I made a choice by having this child – not that I was going to be a father, but that I was going to be a good father. Being a good dad is way harder than being a bad one.
I started walking down the path of a stoic without realising it.
My advice for fathers on this is mix them both together. Our babies napped either when they were in a carrier or a pram – I was keen to try both and quickly discovered it worked very well and all of a sudden I got some alone time and some exercise.
Next, I made those alone times count. I planned routes which went past beauty spots, I invested in walking shoes, I got Spotify and I researched and invested heavily in podcasts.
If I had some alone time without the baby I would shower, read, exercise or do some work for myself. I tried to never squander it.
Sure, it’s not the alone time I was hoping for but as soon as I did the best of the situation I was in it became better, and fast.
Fast forward to now with a 1 year old and a 4 year old (at time of writing) I do get a bit more alone time but the biggest different is that I make the alone time count.
Trying to continue a ‘normal’ social life is tough, if not impossible. You are either too tired to do it, or you just don’t want to abandon the other parent to be alone while you have fun triggering massive guilt. Even when presented with the opportunity to go out I would feel too guilty leaving my wife to look after a child while I have fun. I have a strong sense of justice which meant that I just couldn’t have fun.
However, getting a social life and having a child is about patience and team work and the acceptance that it won’t be the same. The expectancy that it might can make it worse.
This is definitely one of the areas that becoming a dad can ruin but what emerges is a new social life, a different one, but one which I think fathers should embrace.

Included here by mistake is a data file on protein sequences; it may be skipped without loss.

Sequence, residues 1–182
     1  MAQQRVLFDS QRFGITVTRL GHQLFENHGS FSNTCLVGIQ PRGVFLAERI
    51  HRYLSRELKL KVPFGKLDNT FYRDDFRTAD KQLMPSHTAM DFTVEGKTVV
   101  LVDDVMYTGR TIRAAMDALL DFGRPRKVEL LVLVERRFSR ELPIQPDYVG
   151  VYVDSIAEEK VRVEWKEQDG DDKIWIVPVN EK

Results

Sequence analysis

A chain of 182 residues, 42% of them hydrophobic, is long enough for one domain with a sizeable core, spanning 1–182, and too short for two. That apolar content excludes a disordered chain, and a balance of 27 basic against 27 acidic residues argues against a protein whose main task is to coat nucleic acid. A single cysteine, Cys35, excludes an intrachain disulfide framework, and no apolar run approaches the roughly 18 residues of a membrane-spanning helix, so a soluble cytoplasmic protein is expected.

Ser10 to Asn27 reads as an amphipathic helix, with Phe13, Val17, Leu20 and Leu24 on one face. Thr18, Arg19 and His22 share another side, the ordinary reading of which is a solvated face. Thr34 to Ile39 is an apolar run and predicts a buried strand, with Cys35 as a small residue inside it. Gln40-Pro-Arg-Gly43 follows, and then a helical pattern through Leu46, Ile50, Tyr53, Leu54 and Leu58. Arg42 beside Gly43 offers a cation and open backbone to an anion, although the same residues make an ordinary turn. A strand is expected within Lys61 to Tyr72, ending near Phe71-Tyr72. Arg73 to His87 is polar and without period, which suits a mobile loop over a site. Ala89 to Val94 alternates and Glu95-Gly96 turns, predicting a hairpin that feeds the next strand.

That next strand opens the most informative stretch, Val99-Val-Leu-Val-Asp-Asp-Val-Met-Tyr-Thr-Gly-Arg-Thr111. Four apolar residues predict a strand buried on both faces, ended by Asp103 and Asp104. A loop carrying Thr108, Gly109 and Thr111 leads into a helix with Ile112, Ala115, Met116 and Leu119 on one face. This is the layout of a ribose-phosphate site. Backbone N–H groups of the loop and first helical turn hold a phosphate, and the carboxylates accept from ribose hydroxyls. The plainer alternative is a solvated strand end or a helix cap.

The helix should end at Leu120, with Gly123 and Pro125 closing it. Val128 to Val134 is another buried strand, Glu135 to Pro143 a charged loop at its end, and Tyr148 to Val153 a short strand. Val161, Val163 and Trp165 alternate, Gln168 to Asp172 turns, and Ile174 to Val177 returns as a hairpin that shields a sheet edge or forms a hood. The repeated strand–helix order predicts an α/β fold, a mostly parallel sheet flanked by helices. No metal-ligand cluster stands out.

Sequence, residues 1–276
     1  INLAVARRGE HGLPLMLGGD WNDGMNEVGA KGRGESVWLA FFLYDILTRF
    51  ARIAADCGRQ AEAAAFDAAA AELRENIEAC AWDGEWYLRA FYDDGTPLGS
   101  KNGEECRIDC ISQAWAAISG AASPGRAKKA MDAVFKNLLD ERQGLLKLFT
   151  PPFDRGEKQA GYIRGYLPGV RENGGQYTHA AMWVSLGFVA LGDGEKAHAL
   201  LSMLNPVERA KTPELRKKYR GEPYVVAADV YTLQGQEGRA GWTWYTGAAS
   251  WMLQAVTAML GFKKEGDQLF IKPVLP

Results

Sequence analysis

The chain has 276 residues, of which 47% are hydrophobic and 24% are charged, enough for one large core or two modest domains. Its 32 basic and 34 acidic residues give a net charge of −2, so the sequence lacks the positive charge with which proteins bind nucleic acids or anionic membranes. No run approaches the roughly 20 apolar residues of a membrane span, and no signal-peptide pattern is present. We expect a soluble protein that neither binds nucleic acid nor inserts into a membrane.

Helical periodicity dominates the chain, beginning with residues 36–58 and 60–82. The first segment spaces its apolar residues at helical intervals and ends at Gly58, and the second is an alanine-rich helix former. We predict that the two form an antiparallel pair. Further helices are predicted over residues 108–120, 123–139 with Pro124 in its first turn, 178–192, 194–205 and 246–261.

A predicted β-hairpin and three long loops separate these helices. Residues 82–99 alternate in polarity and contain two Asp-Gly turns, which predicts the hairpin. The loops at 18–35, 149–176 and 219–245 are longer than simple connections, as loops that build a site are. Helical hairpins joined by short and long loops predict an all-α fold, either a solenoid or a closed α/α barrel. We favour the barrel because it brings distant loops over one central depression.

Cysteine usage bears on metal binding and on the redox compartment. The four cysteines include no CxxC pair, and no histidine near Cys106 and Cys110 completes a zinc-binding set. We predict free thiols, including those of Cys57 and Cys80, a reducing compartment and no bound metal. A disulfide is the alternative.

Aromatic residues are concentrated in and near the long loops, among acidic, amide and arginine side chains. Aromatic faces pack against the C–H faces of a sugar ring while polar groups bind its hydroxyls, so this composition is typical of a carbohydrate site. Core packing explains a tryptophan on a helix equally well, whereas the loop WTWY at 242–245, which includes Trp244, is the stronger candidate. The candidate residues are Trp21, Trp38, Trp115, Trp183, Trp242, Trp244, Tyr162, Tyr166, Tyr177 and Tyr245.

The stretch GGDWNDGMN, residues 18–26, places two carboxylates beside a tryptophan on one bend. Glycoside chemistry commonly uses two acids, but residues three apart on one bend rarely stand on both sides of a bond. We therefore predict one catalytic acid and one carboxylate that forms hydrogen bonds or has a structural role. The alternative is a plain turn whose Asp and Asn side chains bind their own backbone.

But, it is important to socialise, after all humans are social animals – but what can you do?
I think the best advice is to make sure you are being open with your social circle to begin with, let them know you miss it but you have your duty to your family to consider. In time, you will find out who your true friends are during this time and it can lead to loneliness.
This is tough to deal with which is why being adaptive and open to new social connections is important.
You will often find that socialising with other parents is the most likely occurrence, they have more in common with you now and can share advice and ideas.
Socialising with other parents is perhaps the easiest way to socialise at all, I embraced it – I also got to know the mums that my wife had started to meet up with and before you know it moments of natural flowing discussions popped up from time to time which provided a tangible mental health boost.
In time, with the sleep schedules improving and it being much easier to look after the baby solo for both of you your social calendar really opens up and this period of poor social living really is just a fraction of your life. I would say by about 2 years old you could go out most evenings if you wished – 2 years when you consider how long you will have children for is no time at all.